Late Fall / Early Winter Fishing on Lake Guntersville

November 21 2017

It is now the second week of November in north Alabama. With the first frost behind us and the promise of colder weather ahead, thoughts of many outdoorsmen have turned to hunting. Bow season for whitetail deer is open, and there are some varieties of small game that can be pursued right now and others opening in the next few days. As much as I love hunting and all that goes along with it, let’s not forget the many angling opportunities that exist in our area this time of year.

Several of these opportunities can be enjoyed from the bank, with easy access, and won’t take much of your time to find out if the fish are biting. For our purposes, let’s talk about crappie and striped bass, or stripe as they are locally known.

Crappie fishing in the late fall on Lake Guntersville can be exceptional, and the fish are easy to reach this time of year. All of the major bridges and causeways around the lake will produce crappie throughout the day. There are usually plenty of places to park within easy walking distance of areas where the tasty Crappie can be caught. Most crappie anglers fishing below our bridges and causeways will opt to use light or ultralight spinning gear with 2-6 pound test line and small jigs or jigheads with a soft-plastic trailer. Popular local choices include the Bass Assassin Tiny Shad and the Bobby Garland Baby Shad. However, use whatever your favorite bait is, as confidence in your selection will make you stick with it when the bite is slow. That brings up a  great point in that crappie this time of year tend to travel in schools which makes the fishing go from ice cold to red hot and back again rather quickly – especially for the angler that is fishing from shore. When a school moves through your area, you can catch several before they move off. Then it is just a waiting game until they return.

When you begin to see cars parked in the side of the road around the bridges and causeways on our beautiful lake, you can bet the crappie are biting. Don’t worry if you are new to the game. Just pick a spot that does not interfere with other anglers and ask for help. Most of the fishermen that I have encountered over the years are willing to share tips and tricks and help you get started. As unwilling as they often are to share their spot, they will gladly share information that will assist you with your future trips. If someone is catching more fish than others, pay attention to their location, the bait they are using, and if they are doing anything different with their presentation or retrieve than the other anglers in the area.

Another popular area for fall fishing is technically not on Guntersville Lake, but included here because the access is easy and the fishing is also very good in the fall. The area just below Guntersville Dam on Wheeler Lake is a great place to go and catch several species of fish in the late fall. Crappie and stripe are both abundant off of the rocks just downriver from the dam itself and with a little effort, great fishing is easy to enjoy. Using the same baits mentioned above, and fishing them as close to the rocks as possible without hanging up is as close to a sure thing as I know of. Without giving away any secrets, there are a couple of area below the old ferry crossing below the dam that consistently give up big crappie and big white stripe in the fall. You will also catch an occasional Largemouth, smallmouth, or spotted bass. And, of course, freshwater drum are always on the menu below the dam. If the crappie and stripe prove uncooperative close to the rocks, tie on a roostertail or other weighted tailspinner that you can cast a long distance and heave it out into the current. Using this method, you decrease your chances of anything but white tripe or hybrid stripe, but increase the chances that you will catch something during you time in the outdoor.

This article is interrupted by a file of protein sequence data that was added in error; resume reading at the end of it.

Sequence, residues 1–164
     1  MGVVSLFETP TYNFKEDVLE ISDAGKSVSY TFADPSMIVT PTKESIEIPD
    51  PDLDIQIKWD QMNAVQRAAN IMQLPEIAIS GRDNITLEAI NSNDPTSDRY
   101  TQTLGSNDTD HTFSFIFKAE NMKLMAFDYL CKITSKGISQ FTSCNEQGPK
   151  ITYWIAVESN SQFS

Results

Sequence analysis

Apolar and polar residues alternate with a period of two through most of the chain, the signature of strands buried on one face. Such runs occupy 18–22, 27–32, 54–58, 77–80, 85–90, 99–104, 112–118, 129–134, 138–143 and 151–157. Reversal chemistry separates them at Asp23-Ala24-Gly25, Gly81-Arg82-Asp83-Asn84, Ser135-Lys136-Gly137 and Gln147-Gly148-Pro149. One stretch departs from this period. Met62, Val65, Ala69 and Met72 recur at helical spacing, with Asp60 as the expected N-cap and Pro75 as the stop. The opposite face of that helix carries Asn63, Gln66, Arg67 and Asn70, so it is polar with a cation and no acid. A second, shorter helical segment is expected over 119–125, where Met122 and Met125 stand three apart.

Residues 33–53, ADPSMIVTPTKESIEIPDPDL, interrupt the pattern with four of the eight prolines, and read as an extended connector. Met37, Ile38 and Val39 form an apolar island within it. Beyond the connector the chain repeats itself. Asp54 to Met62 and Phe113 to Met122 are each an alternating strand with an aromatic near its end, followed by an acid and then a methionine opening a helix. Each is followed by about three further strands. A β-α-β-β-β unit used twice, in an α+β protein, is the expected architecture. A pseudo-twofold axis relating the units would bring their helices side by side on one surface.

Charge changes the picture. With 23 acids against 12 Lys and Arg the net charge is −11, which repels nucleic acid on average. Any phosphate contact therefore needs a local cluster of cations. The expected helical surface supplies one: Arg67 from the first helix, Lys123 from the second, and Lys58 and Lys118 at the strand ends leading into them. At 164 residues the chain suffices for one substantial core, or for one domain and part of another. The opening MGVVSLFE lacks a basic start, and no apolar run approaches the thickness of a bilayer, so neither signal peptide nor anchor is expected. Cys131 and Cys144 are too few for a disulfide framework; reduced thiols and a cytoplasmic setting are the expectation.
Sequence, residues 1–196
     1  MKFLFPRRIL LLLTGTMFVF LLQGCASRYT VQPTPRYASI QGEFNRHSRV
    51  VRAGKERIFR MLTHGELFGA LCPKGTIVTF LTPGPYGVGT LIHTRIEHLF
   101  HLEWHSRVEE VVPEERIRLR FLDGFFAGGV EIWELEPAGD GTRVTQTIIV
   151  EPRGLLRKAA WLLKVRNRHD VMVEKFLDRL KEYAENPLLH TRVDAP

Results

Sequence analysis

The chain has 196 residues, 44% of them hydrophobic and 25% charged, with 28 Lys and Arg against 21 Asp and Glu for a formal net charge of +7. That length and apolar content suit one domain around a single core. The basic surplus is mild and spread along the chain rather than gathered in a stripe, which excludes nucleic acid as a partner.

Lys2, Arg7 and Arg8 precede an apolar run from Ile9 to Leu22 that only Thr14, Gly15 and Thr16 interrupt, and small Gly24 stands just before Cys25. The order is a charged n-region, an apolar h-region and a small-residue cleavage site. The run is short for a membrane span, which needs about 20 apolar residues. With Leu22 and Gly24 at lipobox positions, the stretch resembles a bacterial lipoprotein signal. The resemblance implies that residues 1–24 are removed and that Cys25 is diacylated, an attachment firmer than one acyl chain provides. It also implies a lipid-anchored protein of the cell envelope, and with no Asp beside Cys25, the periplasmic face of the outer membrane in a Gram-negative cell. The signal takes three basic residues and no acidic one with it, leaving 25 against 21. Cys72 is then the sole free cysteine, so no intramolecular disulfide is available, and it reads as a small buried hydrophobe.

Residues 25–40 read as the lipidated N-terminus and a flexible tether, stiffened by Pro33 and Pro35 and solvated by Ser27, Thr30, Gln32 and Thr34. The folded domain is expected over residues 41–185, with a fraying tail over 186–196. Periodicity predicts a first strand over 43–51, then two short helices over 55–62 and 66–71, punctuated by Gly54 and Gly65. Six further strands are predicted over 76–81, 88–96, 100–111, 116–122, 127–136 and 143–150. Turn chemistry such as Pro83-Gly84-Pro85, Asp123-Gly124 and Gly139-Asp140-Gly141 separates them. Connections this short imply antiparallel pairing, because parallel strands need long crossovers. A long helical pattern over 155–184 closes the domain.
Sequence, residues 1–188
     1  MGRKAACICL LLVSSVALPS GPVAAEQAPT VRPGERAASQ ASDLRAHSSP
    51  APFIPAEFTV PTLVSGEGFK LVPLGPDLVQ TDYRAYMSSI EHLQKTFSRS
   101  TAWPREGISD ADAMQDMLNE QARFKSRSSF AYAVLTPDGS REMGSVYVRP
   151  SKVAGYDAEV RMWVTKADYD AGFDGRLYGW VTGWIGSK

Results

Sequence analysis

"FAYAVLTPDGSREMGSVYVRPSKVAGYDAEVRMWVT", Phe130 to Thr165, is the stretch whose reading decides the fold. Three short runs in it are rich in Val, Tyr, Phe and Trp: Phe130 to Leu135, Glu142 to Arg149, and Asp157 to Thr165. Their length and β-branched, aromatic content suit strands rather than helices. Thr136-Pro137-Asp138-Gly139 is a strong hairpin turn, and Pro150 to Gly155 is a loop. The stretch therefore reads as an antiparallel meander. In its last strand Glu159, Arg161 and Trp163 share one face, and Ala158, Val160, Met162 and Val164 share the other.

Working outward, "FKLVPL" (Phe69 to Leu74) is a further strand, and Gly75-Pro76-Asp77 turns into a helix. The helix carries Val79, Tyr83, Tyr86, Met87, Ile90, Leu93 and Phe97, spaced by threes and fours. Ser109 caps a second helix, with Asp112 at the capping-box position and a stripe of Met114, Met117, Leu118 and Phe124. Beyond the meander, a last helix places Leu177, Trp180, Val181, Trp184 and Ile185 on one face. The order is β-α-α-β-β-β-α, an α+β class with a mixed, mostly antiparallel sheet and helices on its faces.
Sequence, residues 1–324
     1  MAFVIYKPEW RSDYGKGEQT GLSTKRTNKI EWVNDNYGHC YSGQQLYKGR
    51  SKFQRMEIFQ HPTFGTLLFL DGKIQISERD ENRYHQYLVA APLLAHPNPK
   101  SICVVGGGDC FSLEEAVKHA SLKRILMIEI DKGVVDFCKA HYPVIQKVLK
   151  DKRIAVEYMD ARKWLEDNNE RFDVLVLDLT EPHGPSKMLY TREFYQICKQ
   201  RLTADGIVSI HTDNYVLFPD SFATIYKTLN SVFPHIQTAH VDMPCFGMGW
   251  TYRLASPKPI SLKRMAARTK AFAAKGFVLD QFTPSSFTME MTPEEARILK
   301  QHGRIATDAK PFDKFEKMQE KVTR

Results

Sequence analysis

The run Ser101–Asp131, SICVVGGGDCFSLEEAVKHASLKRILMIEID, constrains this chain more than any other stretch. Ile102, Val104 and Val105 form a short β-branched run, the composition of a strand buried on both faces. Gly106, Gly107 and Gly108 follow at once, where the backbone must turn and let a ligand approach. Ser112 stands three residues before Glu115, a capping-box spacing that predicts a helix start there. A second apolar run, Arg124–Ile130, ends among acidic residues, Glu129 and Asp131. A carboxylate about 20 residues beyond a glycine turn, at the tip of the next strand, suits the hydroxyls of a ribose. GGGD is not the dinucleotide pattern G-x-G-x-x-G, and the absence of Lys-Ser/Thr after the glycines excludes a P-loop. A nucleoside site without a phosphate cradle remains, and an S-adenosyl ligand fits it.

If you have access to a boat, chasing crappie on Lake Guntersville is even easier. Again, you can target the bridge and causeways, but you can also reach crappie that shorebound anglers cannot. The bluffs along the river immediately upriver from the Highway 431 bridge just north of downtown Guntersville have been a great crappie spot for as long as I can remember. Likewise, the bluffs just upriver from the entrance to Honeycomb Creek are also a standard among he knowledgeable crappie catchers on the lake. Another popular technique among boaters chasing crappie is to “shoot the docks”. Crappie will often congregate in large numbers beneath boathouses and marinas dotting the shoreline of Guntersville Lake. The only way to present a bait to these fish is to either have access to the boathouse or marina, or shoot your jig as far under the structure as you can. Although it is a lot of work, and can be frustrating, the rewards are often a quick limit of oversized crappie.

If you happen to be boat fishing and have some time left after you catch your limit of crappie, you might want to drop a jigging spoon around the bridge pilings around the lake. This is always a great way to spend some time. You will catch a variety of fish using this method, and some of my largest bass have been caught doing this.

Whatever you decide to do this fall, be safe, have fun, include family and friends when you can, and thank God for putting it all there to enjoy.